Japanese Americans reflect on 80 years since U.S. incarceration

Eighty years might feel like distant history for some people, but for Karen Korematsu, May 30, 1942, will always mark a moment in her family's personal history.

"This Monday, May 30th will be 80 years when my father was arrested in San Leandro for disobeying military orders," said Korematsu.

It was eight decades ago when the U.S. government put more than 110,000 Japanese immigrants and American citizens into concentration camps based on their ethnicity, following the Japanese attack on Pearl Harbor. That number would grow to 120,000 by the time World War II ended in 1945.

Korematsu's father Fred Korematsu was an American citizen who challenged the government by refusing to report to the assembly center in April 1942. He was picked up by police in May.

"He thought he had rights as an American citizen. Why should he go to a prison camp when he had done nothing wrong and only because he looked like the enemy," said Karen Korematsu.  Her father Fred Korematsu stayed in the East Bay until he was caught.

For Satoshi Hibi, a 91-year-old Bay Area man, memories of April 1942 are quite clear.

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At the time, a stranger snapped a family photo of Hibi standing with his mother and his younger sister. The photo shows them waiting with their luggage along a street. Hibi is standing and wearing a jaunty hat as he faces his mother. He was just a grammar school student at John Muir Elementary School in Hayward.

The stranger, it turns out, was the famous photographer Dorothea Lange, who was taking photos for the government.

"We were waiting to take the bus to Tanforan," said Hibi, 

At the Tanforan racetrack in San Bruno, Hibi remembers being confused.

"We were not allowed to leave. They give you a number and assigned a place," said Hibi, "We were told to make mattresses. All the residents had to go put hay in the bags. That's what we used for mattresses. I got pneumonia, and I was at camp hospital."

Japan's attack on Pearl Harbor on Dec. 7, 1941 had unleashed a tidal wave of fear and anti-Japanese hate.

Hibi and other children who were too young to understand war, were old enough to feel the pain of prejudice.

"I remember losing all my friends. Their parents said don't go there," said Hibi, "I was picked on, beaten up at school."

"We lost everything," said Hibit, whose parents were artists and ran a Japanese school in Hayward.

"When the order came, people just had days, less than a week to get their affairs in order. People had to sell their homes, their businesses, their farms. They could only bring what they could carry," said Steve Okamoto, whose parents were American citizens and were sent to the Tanforan, assembly center when he was just a baby.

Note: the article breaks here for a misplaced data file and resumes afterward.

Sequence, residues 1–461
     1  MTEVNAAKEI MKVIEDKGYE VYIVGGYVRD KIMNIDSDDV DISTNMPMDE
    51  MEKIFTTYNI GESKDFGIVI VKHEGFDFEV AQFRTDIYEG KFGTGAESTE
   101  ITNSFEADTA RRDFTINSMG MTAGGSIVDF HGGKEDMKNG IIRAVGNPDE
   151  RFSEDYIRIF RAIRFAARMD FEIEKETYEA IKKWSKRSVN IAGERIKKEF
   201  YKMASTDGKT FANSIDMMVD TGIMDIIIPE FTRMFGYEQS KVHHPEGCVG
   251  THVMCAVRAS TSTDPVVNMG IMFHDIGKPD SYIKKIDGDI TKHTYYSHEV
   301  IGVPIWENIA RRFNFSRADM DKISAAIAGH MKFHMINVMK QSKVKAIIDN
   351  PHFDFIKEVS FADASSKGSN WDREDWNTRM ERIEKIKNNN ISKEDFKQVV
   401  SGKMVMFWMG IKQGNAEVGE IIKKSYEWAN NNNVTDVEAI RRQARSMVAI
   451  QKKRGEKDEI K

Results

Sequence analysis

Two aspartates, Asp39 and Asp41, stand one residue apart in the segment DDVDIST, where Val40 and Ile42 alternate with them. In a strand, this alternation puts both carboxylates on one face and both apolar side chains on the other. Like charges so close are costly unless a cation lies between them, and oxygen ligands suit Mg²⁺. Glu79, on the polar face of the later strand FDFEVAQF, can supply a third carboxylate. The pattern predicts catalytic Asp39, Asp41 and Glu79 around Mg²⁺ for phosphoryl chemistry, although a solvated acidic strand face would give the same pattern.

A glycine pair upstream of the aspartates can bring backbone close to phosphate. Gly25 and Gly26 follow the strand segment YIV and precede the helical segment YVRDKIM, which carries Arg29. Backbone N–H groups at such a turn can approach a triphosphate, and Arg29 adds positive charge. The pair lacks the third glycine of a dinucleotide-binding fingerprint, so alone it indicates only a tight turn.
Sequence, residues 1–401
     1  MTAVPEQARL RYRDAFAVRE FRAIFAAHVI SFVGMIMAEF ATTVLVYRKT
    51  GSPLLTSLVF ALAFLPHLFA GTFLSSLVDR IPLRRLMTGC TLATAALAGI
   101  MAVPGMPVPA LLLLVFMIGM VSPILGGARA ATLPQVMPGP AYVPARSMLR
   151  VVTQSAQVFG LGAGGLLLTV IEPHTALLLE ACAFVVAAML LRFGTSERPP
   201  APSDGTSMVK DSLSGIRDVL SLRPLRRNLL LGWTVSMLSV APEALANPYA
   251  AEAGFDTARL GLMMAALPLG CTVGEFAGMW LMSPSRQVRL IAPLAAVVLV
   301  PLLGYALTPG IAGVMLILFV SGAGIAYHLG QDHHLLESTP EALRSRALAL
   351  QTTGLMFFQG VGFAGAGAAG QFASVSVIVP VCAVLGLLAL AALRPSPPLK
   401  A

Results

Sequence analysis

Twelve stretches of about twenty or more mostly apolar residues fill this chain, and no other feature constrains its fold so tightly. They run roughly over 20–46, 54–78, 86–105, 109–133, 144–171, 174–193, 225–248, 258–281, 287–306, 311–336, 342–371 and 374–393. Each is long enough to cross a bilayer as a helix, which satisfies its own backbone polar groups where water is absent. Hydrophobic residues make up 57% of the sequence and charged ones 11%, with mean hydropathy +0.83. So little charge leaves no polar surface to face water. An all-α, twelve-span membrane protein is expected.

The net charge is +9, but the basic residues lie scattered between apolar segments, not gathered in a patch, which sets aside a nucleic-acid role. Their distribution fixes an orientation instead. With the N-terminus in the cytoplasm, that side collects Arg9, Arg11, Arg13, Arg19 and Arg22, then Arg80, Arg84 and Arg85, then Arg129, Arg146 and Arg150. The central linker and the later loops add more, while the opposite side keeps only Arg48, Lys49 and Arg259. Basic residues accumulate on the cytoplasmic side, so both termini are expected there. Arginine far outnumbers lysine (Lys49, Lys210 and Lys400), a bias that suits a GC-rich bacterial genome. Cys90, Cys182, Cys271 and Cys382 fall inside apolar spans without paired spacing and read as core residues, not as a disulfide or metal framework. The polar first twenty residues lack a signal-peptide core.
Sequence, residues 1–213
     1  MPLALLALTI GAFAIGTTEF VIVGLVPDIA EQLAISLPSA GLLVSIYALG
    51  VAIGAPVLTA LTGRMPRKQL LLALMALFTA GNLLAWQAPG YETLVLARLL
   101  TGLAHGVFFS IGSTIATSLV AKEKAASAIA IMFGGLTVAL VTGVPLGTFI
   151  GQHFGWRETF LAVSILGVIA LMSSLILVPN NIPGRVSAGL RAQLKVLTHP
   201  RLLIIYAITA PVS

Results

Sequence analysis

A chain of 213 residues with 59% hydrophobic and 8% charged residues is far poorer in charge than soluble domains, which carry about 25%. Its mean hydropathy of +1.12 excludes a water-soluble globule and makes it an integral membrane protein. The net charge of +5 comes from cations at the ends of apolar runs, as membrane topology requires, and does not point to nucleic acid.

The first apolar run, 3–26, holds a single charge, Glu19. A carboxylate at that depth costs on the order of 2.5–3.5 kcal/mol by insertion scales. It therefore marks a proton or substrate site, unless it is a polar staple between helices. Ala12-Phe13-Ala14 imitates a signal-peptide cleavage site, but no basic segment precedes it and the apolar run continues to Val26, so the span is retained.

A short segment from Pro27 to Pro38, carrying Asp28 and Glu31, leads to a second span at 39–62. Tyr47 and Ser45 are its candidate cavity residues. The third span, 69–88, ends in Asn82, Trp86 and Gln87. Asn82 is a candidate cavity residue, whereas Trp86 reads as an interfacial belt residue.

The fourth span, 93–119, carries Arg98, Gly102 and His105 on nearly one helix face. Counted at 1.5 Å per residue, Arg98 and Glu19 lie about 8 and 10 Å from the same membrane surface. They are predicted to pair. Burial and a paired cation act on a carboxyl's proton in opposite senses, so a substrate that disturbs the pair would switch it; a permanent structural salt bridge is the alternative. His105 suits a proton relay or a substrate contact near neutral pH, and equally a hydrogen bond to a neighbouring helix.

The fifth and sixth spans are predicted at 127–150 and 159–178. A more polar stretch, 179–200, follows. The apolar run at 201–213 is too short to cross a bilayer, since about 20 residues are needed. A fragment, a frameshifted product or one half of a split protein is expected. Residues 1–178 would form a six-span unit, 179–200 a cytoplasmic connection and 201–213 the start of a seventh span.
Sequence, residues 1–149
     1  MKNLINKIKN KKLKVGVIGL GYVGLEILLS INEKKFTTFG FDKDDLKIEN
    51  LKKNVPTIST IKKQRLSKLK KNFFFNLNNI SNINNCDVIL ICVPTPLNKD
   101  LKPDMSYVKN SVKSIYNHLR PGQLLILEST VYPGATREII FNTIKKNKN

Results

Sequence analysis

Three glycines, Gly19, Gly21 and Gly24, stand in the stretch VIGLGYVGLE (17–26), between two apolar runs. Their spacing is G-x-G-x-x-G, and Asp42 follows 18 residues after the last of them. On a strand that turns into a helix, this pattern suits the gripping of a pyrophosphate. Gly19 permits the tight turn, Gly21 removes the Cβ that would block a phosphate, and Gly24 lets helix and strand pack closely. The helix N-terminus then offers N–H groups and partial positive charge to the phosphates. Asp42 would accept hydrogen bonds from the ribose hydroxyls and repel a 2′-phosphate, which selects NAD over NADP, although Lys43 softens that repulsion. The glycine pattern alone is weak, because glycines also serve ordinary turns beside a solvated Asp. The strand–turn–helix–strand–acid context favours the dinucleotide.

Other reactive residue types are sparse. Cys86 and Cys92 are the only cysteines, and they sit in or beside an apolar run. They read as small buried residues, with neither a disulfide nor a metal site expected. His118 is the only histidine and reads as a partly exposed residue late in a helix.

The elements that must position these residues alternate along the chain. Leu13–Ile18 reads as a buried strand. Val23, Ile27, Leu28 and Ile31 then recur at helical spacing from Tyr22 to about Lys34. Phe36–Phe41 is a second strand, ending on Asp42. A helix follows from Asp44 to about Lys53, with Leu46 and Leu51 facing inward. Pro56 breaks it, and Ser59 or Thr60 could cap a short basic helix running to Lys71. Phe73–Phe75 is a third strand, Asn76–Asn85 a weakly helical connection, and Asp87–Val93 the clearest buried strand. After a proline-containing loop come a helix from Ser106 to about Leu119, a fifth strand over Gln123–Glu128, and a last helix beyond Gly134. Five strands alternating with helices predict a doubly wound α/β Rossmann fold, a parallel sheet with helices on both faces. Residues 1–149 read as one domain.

His family had been in San Francisco since 1898. Still, they were forced to leave their home and were sent to Tanforan racetrack.

"My family and others, we had to live in a horse stall, a horse stall that was filled with manure and urine, no partitions in toilets, having to lose your name and wear a tag with a number," said Okamoto.

Tanforan was one of the dozens of makeshift assembly centers on the West Coast.

From there, people were transported to one of the 10 concentration camps or other detention centers across the U.S. The internees were forced to live for years in drafty barracks behind barbed wire on desolate land. Families were sometimes separated, their livelihoods and lives lost.

Hibi's family was imprisoned at Topaz, Utah.

The internees' fate had been decided by the stroke of a pen, when President Franklin Delano Roosevelt signed Executive Order 9066 on February 19, 1942.

Executive Order 9066 authorized the military to create military exclusion zones and force civilians out.

The Executive Order never mentioned Japanese immigrants or citizens. Discrimination and fear on the West Coast, however, had been growing long before Pearl Harbor.

"It was years and decades of discriminatory legislation. Japanese could not become citizens in this country. They could not own land," said Rosalyn Tonai, executive director of the National Japanese American Historical Society.

"The attack on Pearl Harbor really catalyzed that fear and prejudice that ran rampant, which led to the incarceration and exclusion of Japanese Americans along the West Coast," said Tonai.

It was at San Francisco's Presidio that Lt. General John DeWitt declared the entire West Coast a military zone.

DeWitt's office, remains preserved, but empty on the second floor of a Presidio building that's now a private school.

National Park Service Ranger James Osborne DeWitt gives tours of DeWitt's office and the role the Presidio played in the incarceration of Japanese Americans.

"It was in this office in March of 1942 that he signed all those assembly orders," said Osborne, "The 108 exclusion orders applied only to people of Japanese ancestry."